Temminck's courser

Temminck's courser, is a bird in the pratincole and courser family, Glareolidae. It is a wader which lives in sub-Saharan Africa. It is noted for laying its eggs in the burnt bushes and grass of the African savannah.


Distribution and habitat

Occupies much of sub-Saharan Africa, largely excluding the lowland forest of northern DRC and West Africa. Within southern Africa it is common in northern and central Namibia,  Botswana, Zimbabwe, southern and central Mozambique and north-eastern South Africa. It generally prefers clearings in miombo (Brachystegia) and Mopane (Colosphermum mopane) woodland, as well as short and burnt grassland, dry or grassy pans, stubble fields, fallow land, airfields, sports fields, overgrazed areas and cattle kraals.


Predators and parasites

  • Predators
    • Falco peregrinus (Peregrine falcon)


Movements and migrations

Its movements are exceedingly complex and not fully understood, however it generally moves to arid areas (such as in Botswana and Namibia) in the summer rainy season, while heading to moist areas (including the Mashonaland plateau of Zimbabwe) in the dry season, from June-December.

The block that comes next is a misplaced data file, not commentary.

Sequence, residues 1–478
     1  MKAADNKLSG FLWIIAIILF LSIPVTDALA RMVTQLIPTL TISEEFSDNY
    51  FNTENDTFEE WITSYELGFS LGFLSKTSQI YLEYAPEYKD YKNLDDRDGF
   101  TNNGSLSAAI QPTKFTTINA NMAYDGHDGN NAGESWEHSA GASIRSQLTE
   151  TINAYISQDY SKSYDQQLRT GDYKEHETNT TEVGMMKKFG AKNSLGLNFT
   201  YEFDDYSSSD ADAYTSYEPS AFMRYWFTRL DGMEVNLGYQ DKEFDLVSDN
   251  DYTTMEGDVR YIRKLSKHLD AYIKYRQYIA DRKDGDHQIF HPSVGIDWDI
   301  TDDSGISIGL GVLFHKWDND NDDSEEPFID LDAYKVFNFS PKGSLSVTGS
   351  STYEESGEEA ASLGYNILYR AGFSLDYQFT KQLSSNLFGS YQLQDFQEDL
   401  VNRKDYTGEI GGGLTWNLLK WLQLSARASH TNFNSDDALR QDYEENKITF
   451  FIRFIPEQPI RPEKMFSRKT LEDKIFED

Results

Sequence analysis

It mainly eats insects, doing most of its foraging by running and pausing repeatedly to pluck prey from the ground, often at the edge of a bushfire. The following food items have been recorded in its diet:

  • Invertebrates
    • insects
      • Hodotermes mossambicus (Northern harvester termite)
      • Coleoptera (beetles)
      • locusts and grasshoppers (Orthoptera)
    • molluscs
  • Seeds



  • Monogamous, solitary nester, performing courtship displays in which the male and female bob up and down and left to right.
  • It does not build a nest, instead laying its eggs on flat and bare ground with good visibility, such as in the photo below.
  • Egg-laying season is mainly in the middle to end of the dry season, from July-January.
  • It lays 1-2 eggs, which are incubated by both sexes in shifts of about 75-120 minutes.
  • The chicks are leave the nest within 7-8 hours of hatching, fed by both parents until they still start self-feeding after eight days. They are able to fly at 21 days old, fully fledging about a week later.


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